I recently uploaded my PhD thesis as a single PDF file. I wanted to make this electronic copy as accessible and usable as possible. For such a large document (250 pages plus), this meant including bookmarks so that cross-references and table of contents are ‘clickable’ – they take you directly to the referred-to section. It also means that the document can be viewed as a hierarchy of section and subsection headings in PDF viewers such as Adobe Reader. Creating basic PDFs is easy, Mac OS X has a built-in “Save as PDF” option within print menus and there is freeware such as Cute PDF available for Windows, but this only creates simple PDFs that are effectively the output to a printer and include no bookmark information. Creating navigable PDFs is possible (there are some useful guides here and here), but turned out to be a bit more of a minefield than I expected.
The PDF file format was developed by Adobe, so the obvious place to start was their Acrobat software for creating PDFs. I’d written my thesis in (the ubiquitous) Microsoft Word, and Acrobat adds functions to Word that allow you to create PDFs from Word documents and translate any Word bookmarks (such as table of contents, cross-references) into bookmarks in the PDF. Perfect (you’d think) but as the trial version of Acrobat is only available to download for Windows and I’ve recently moved to Mac, it wasn’t to be. So, what were the other options? Apple’s Pages application within iWork’09 can generate bookmarked PDFs and it can open Word documents but there is a snag. Word and Pages deal with paragraph spacings differently, the net result being the document pagination changes which is hugely problematic in an academic publication (such as a thesis) where page numbering needs to be consistent – how can you confidently reference page 32 if, in the PDF version, it actually becomes page 34? Of course I could’ve just written the whole thing in Pages, but hindsight is a wonderful thing..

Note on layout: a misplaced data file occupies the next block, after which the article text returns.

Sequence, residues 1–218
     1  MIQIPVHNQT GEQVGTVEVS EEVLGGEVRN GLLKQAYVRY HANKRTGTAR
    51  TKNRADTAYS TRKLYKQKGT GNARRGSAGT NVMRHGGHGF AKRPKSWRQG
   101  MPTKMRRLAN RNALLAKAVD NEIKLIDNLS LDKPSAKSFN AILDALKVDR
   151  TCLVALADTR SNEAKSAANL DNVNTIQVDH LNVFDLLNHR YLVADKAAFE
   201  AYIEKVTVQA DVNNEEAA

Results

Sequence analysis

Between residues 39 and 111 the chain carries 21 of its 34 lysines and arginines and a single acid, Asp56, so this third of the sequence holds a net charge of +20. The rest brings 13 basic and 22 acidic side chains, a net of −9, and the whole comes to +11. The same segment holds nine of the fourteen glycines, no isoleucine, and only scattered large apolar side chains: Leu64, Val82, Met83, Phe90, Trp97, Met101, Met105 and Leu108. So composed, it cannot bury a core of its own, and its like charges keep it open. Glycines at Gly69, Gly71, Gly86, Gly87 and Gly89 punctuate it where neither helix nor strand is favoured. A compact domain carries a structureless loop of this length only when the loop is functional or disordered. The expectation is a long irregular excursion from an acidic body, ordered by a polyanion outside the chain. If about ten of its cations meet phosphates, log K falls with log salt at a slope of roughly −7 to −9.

This sent me back to Acrobat. The Mac option was out, so I instead installed a Acrobat 9 on a Windows laptop I have for work. This laptop also has Microsoft Office 2003 installed and between it and Acrobat I could happily generate bookmarked PDFs. But, alas, the solution wasn’t to be quite so simple. The first problem is that Word 2008 on Mac and Word 2003 on Windows don’t paginate the document exactly the same – infuriatingly the 2003/Windows version ends up ever so slightly longer. The second problem is that Acrobat can translate all internal links in Word documents into links in the PDF except those in footnotes (where they often appear). This meant having to manually edit the resulting PDF file in Acrobat to add in all the internal links in footnotes, a not insignificant task. And it also meant that this PDF then becomes the ‘definitive’ version of my thesis – any prints must come from this file not the original Word document opened either on Mac or Windows to prevent pagination discrepancies. Phew.